Adversity uncovers realities and makes them painfully visible. The year 2020 came with challenges, from earthquakes to a pandemic caused by COVID-19. These events have shown the inequality that exists in Puerto Rican children. Educators have always seen it very closely. We recognize that childhood is unequal in terms of race, class, family life, and opportunities. Our work as educators requires constant reflection on how this influences our practice and how we achieve social justice for our students. This process can be overwhelming, because there are many situations that are beyond our control. However, we know that inequality has a strong impact on the socio-emotional development of children, which directly affects their academic performance. So we have to do something about it and join our voices.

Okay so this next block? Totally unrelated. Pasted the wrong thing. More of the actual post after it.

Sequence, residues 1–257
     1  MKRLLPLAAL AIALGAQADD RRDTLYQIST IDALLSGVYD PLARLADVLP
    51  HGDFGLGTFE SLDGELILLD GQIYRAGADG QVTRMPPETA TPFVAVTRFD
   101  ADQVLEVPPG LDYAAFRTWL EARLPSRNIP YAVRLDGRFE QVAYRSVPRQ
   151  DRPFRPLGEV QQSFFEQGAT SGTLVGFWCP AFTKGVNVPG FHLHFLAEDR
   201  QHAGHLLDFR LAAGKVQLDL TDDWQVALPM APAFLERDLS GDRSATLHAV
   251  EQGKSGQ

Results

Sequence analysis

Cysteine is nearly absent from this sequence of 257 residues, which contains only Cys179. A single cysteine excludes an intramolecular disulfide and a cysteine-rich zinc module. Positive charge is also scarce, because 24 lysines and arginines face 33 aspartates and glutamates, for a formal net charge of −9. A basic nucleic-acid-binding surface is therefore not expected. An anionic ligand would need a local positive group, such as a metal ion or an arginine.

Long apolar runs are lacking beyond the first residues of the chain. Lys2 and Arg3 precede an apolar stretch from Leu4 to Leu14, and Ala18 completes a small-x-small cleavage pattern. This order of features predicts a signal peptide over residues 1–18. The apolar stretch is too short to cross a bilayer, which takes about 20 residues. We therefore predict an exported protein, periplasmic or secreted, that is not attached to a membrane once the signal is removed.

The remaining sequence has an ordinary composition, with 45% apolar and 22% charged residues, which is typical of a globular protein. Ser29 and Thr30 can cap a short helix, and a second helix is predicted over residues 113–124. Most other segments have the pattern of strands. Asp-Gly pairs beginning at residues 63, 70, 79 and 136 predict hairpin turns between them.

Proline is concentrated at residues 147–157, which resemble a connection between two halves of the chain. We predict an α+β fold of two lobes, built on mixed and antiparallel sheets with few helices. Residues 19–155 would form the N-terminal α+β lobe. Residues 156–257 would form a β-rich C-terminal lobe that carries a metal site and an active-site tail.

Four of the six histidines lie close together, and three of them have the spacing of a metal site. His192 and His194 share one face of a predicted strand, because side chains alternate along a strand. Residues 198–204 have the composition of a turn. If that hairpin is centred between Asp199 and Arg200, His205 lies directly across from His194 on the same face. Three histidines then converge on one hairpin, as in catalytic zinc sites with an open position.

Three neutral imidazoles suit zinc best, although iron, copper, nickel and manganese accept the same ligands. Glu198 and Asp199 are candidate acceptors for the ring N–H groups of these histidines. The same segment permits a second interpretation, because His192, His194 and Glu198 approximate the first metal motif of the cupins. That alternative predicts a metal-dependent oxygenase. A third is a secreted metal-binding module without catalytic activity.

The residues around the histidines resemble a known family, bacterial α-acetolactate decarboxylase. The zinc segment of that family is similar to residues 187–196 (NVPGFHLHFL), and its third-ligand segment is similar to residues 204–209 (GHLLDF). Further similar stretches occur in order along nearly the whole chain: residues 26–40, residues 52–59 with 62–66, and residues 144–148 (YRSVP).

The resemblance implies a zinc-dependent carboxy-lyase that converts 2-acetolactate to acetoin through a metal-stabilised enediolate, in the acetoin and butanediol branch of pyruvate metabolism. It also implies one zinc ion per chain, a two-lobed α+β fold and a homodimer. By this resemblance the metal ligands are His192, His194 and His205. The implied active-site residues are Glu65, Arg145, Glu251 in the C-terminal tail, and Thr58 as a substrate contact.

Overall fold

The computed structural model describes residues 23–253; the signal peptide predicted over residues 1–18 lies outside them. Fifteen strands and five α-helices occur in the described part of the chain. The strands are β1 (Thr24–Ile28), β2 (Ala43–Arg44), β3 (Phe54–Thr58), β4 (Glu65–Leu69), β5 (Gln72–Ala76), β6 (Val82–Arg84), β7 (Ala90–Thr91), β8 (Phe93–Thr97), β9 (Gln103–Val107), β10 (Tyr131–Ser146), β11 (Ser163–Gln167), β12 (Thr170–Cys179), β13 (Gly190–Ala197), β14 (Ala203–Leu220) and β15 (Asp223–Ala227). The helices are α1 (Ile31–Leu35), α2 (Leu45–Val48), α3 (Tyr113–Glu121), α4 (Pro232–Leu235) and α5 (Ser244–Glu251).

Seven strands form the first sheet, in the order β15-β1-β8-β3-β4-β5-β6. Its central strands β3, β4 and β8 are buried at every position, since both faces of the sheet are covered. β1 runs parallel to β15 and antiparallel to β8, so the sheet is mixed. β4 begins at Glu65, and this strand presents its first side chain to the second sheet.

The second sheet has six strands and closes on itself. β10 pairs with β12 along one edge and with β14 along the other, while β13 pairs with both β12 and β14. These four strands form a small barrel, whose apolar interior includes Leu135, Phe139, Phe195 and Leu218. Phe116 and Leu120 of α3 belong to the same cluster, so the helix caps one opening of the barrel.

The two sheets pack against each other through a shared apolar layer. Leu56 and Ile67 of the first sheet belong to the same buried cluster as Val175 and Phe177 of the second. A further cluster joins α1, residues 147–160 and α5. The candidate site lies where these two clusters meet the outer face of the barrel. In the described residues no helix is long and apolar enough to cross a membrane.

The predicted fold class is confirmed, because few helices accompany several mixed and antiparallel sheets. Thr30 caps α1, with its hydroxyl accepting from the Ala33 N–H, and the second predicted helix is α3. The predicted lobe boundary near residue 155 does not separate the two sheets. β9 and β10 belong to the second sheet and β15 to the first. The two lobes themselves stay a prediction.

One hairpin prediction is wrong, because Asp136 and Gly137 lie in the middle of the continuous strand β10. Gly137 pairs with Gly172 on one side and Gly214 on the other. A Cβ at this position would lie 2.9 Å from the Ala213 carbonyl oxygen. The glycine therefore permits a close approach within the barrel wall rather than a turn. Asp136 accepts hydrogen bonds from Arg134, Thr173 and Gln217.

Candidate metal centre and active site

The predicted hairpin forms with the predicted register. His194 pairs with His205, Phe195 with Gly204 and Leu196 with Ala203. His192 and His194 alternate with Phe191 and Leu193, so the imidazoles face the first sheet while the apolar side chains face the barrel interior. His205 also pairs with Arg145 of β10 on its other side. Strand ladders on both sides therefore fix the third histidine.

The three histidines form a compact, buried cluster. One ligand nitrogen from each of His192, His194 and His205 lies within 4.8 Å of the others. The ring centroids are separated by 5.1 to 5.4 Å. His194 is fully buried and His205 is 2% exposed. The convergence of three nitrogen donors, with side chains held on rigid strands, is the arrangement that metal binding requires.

A good starting point is to ensure that each student feels safe, welcomed, respected, and represented in the classroom, even if it is virtual. Celebrating diversity requires a willingness to re-educate yourself. Our new teaching reality serves as an opportunity to rethink everything, from the images that decorate the space and the vocabulary we use, to the content and books we select. An inclusive virtual environment is possible. It should be one where all families feel welcome, where all cultures are represented, where functional diversity is respected, and where girls and boys have equal opportunities.
Children's literature is the best support resource in this process. Our childhood deserves to have access to books that serve as windows, from where they can see and develop empathy towards different realities. But above all, books must serve as mirrors where each one can be authentically reflected. Representation matters and has a positive impact on the development of self-esteem, a sense of belonging, and love and interest in reading. All of these are determinants of academic success. When we listen, recognize and value all the voices, we confront inequality.